My Name Is Not Et Ux

My Name Is Not Et Ux

From Chicken Soup for the Soul: The Empowered Woman

My Name Is Not Et Ux

Doing the right thing has power.

~Laura Linney

I was summoned to the school office to take an “important” phone call while the principal himself covered my fourth-grade social studies class. “It’s your bank,” the secretary informed me before handing over the receiver. “They’re verifying your employment for your house loan.”

“It seems we have an… irregularity… in your paperwork,” the voice on the phone informed me. “Do your children live with you full- or part-time?”

“I have no biological children,” I replied. “My husband has two children who live with their mother, and they visit him every other holiday and a few weeks each summer.”

“But it says the co-borrower pays child support,” she continued.

“That’s right. I’m the borrower, and my husband is the co-borrower.”

“That’s highly irregular,” she said.

“He’s a commercial fisherman,” I told her. “My teaching income is the one we wish to base the loan on. It’s more dependable. His income fluctuates with the fish.”

“Oh, my,” she stammered. “I’ve never seen paperwork with the wife listed as the primary borrower before.”

I laughed. “Get used to it. It’s 1984. I guess I’m just blazing the trail here.”

“But what if you get pregnant and take a leave of absence?” she asked.

My hackles clearly rising, I said, “I’m pretty sure it’s illegal for you to ask me that.”

She cleared her throat. “In order for us to approve this loan, we have to take everything into account.”

“My husband and I could both quit our jobs tomorrow,” I replied, my voice going up an octave. “To ask me if we plan on having children is completely out-of-line and offensive, and…”

I stopped speaking abruptly when the school secretary put her hand on my shoulder. She leaned in close to whisper in my ear, “You want to get a loan or not?”

“Ma’am?” asked the loan officer. “Ma’am? Are you still there?”

“Can we start over?” I took a deep breath. “I am listed as the borrower because I am, and always will be, the primary breadwinner. I saved up all the money for the down payment myself out of my own income while also supporting my husband and paying the child support for his two children.”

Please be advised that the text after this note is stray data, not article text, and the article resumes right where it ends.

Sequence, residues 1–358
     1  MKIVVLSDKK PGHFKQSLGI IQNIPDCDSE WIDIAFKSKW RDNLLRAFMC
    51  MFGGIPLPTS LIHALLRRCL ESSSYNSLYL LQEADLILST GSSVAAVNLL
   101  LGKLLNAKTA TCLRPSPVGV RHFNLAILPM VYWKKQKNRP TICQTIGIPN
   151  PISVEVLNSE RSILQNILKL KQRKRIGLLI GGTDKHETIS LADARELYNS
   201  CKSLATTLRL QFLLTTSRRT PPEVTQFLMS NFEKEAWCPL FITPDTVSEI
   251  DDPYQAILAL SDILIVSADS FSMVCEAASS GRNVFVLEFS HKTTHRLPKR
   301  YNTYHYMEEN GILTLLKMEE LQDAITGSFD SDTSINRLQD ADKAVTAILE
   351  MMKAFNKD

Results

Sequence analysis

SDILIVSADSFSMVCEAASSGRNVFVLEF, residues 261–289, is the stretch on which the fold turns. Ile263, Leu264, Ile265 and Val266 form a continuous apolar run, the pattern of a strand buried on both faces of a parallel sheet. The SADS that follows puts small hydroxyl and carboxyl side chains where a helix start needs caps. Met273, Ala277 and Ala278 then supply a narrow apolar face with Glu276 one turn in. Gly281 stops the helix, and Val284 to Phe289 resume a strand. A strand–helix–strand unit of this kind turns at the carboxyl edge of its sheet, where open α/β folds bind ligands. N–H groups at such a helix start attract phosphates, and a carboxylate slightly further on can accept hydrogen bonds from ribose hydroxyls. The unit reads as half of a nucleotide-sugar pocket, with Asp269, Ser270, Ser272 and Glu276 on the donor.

“I see.”

“I sincerely hope you do. I’ve worked hard to be able to buy a house, and I’d like to buy this one with a loan from your bank. How can we make that happen?”

Fortunately, we were able to make my dream come true, and I was elated — until the day the official bank papers arrived. Printed at the top of each payment coupon was my husband’s name and “et ux” printed behind it.

I called the bank and asked to speak to our loan officer. “Et ux?” I asked, bewildered. “What in the world does that mean?”

“It’s Latin,” she replied. “It means ‘and spouse.’ ”

I could feel the heat rising up my neck. “It’s my loan, my house, and my payment coupons,” I began softly, “and my name is not ‘et ux.’ ”

“It’s policy for us to issue the coupons in the name of the borrower and…”

“We’ve been all over this,” I said through clenched teeth. “I am the borrower, not my husband. Unless you want to receive checks signed ‘et ux,’ you’re going to have to reissue these coupons.”

It took some time, a few more phone calls, and a personal visit to the bank president, but I did, indeed, get my name listed on the coupons. And they did, indeed, have both our names at the top — except his name was listed first.

I called the bank and asked to speak to our specific loan officer, but she was away from her desk, so I was connected with another bank employee whom I was told could help me. “Could you please explain to me why my husband’s name is listed before mine on my payment coupons?” I asked politely when the call was transferred.

“We always list the man’s name first,” he replied, “since the man is the primary borrower.”

Wrong answer. If he had said the names were listed alphabetically, I could have let it go. But once again, I had to explain that I was the borrower, and he was the co-borrower.

“That’s highly irregular,” the bank employee began.

I started to laugh uncontrollably. “Irregularity seems to run rampant at your bank,” I finally choked out. “It’s 1984, and I’m determined to eradicate this old paradigm once and for all.”

“Perhaps you’d like to talk to the bank president,” he said.

“Perhaps I would,” I agreed. “I’ve got trails to blaze.”

The third time was the charm, and the new payment coupons, with my name listed first, were issued the following week.

~Jan Bono

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